The Boston Bruins and Washington Capitals kick off the 2021 NHL playoffs this upcoming Saturday, May 13. The Bruins, the No. 3 seed in the East division, went 4-2-2 against the Capitals this season, who finished as the No. 2 seed.
Their only two regulation losses have slight asterisks to them, as the Capitals drubbed a shorthanded Boston team 8-1 in mid-April, and just recently, the Capitals took the season finale 2-1 in a game that had most of the Black and Gold regulars out of the lineup.
The two teams last met in the playoffs in 2012 in the first round of the Eastern Conference playoffs. Bruins fans will remember that as the devastating 2-1 loss in Game 7 in overtime at the hands of Joel Ward.
The winner of these two will face the winner of the No. 1 seed Pittsburgh Penguins and No. 4 New York Islanders. But let’s not get too far ahead. Let’s dive in and see how the Bruins and the Capitals match up against each other.
Who has the edge on offense?
Both offenses are quite similar, where each has a knack for skill and speed, mixed with physicality down low. There’s no denying just how good the Brad Marchand – Patrice Bergeron – David Pastrnak line is, but the Capitals have a handful of a first line themselves with Alex Ovechkin, Nicklas Backstrom, and newly-acquired Anthony Mantha.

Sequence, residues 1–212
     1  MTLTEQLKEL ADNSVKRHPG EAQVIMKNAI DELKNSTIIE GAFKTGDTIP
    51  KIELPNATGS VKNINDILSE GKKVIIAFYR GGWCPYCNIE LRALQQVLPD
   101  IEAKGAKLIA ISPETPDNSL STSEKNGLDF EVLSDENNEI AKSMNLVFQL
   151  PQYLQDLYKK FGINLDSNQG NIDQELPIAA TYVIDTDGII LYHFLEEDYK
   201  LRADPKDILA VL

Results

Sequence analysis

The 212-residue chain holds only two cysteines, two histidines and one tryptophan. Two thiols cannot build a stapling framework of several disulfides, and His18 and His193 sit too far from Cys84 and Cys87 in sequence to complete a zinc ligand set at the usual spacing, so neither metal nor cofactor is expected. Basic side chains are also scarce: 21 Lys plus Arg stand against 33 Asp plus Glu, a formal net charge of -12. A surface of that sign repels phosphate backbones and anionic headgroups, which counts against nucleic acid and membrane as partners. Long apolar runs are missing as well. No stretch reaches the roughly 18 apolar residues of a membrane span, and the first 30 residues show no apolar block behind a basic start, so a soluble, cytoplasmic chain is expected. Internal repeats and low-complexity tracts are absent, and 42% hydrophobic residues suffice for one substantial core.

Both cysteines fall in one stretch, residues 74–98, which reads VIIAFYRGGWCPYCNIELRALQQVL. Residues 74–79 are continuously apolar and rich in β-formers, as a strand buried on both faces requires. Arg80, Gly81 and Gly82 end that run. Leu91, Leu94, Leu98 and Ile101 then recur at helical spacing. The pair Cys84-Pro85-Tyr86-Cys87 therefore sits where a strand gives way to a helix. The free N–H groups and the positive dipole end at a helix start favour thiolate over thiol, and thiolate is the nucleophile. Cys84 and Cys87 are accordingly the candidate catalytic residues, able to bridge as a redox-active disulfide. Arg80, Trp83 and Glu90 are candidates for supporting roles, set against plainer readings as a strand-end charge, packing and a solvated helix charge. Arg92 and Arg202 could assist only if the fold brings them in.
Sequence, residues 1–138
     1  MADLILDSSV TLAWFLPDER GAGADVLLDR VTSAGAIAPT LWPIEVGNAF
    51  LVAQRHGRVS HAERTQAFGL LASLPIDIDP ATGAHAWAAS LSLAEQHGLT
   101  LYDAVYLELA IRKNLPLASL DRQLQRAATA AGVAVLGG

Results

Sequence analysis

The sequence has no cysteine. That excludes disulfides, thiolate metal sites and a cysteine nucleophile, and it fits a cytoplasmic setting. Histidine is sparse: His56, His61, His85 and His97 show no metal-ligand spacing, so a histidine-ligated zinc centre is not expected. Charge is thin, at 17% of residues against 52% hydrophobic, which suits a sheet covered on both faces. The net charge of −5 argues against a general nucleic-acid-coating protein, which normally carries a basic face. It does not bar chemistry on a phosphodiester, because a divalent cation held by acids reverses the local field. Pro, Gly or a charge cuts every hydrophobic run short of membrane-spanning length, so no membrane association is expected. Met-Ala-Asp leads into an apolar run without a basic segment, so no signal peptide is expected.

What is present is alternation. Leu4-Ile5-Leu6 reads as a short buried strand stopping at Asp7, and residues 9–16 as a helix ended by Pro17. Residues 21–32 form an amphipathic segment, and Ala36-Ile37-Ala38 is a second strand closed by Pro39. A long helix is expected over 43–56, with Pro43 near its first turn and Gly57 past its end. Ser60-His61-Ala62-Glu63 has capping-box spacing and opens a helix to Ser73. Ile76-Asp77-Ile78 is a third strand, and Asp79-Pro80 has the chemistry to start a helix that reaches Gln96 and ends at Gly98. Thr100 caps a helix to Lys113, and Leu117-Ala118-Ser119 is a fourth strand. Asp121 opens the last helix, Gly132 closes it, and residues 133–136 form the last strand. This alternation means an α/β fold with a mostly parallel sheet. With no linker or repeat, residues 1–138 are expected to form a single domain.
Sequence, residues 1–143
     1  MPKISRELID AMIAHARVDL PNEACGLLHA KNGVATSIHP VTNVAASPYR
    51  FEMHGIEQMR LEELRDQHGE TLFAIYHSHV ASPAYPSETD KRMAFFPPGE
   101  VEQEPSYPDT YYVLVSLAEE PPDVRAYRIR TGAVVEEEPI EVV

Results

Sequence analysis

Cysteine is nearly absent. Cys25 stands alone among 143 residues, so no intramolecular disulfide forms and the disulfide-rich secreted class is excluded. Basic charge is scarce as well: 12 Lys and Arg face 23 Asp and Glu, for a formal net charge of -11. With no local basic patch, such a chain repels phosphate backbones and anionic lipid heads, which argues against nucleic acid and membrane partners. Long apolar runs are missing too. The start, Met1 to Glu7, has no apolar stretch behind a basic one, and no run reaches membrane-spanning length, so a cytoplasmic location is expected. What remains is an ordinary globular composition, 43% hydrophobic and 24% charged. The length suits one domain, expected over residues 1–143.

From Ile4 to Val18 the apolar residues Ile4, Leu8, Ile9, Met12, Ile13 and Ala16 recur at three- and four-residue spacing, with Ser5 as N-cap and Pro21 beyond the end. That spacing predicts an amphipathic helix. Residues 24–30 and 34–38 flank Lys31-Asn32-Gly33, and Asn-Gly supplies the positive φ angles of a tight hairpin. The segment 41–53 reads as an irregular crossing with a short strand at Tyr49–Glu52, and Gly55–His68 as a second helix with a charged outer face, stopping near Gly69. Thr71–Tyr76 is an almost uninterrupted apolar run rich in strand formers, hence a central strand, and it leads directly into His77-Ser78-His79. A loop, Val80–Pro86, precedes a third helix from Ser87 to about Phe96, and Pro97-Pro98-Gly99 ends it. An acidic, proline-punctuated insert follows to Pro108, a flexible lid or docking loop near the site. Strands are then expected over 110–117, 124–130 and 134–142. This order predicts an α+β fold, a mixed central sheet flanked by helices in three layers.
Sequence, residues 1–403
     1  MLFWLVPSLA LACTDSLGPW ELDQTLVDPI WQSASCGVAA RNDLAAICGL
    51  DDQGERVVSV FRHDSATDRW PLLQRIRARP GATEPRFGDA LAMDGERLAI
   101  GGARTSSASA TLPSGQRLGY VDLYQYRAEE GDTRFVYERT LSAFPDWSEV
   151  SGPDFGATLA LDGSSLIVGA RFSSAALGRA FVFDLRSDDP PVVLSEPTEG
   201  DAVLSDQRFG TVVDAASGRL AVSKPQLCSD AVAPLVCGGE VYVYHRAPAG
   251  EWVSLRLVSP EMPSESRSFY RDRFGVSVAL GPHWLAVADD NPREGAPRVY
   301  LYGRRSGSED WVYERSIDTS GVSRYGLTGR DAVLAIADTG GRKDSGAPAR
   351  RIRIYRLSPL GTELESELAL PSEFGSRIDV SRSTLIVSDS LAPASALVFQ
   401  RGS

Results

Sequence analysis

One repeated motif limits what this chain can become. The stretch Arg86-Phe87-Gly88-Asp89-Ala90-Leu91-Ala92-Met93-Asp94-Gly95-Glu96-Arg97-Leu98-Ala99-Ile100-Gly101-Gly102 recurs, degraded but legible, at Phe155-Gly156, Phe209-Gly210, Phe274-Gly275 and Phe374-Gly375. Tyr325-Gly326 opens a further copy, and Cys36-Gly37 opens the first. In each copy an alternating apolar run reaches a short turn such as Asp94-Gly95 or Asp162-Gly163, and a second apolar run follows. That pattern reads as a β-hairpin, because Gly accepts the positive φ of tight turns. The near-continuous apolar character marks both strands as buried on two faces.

Speaking of Mantha, for as good as Taylor Hall has been for the Bruins after getting trading at the deadline, how about Mantha. Eight points in 14 games since getting traded from the Detroit Red Wings to the Capitals, including scoring a goal in his first four games as a Cap.
He went cold to end the season, but he’s been a great pickup. He’s been no Taylor Hall (14 points in 16 games as a Bruin), but key deadline acquisitions from both teams will play a crucial role in this series.
It really is going to come down to depth. It’s been an issue with the Bruins all year, and the trade deadline has seemed to fix it a bit. But can Jake DeBrusk make some more postseason magic happen? Will Charlie Coyle finally snap out his slump now that he’s on the wing? What kind of role will Sean Kuraly and Chris Wagner play?
Unless the Bruins just completely ice the top Capitals players, they will need their third and fourth lines to contribute practically every game. The Capitals enjoy depth players like Garnet Hathaway, Nic Dowd, and Carl Hagelin, who have consistently been one of the better fourth lines this season.
The Bruins’ offense has averaged 2.93 goals per game, while the Capitals’ is tied for fourth-best with 3.36. The consistency has just been there a bit more for Washington and while I give the edge of top line to the Bruins, the rest of the lineup needs to find a groove if they want to outplay the Caps’ forwards.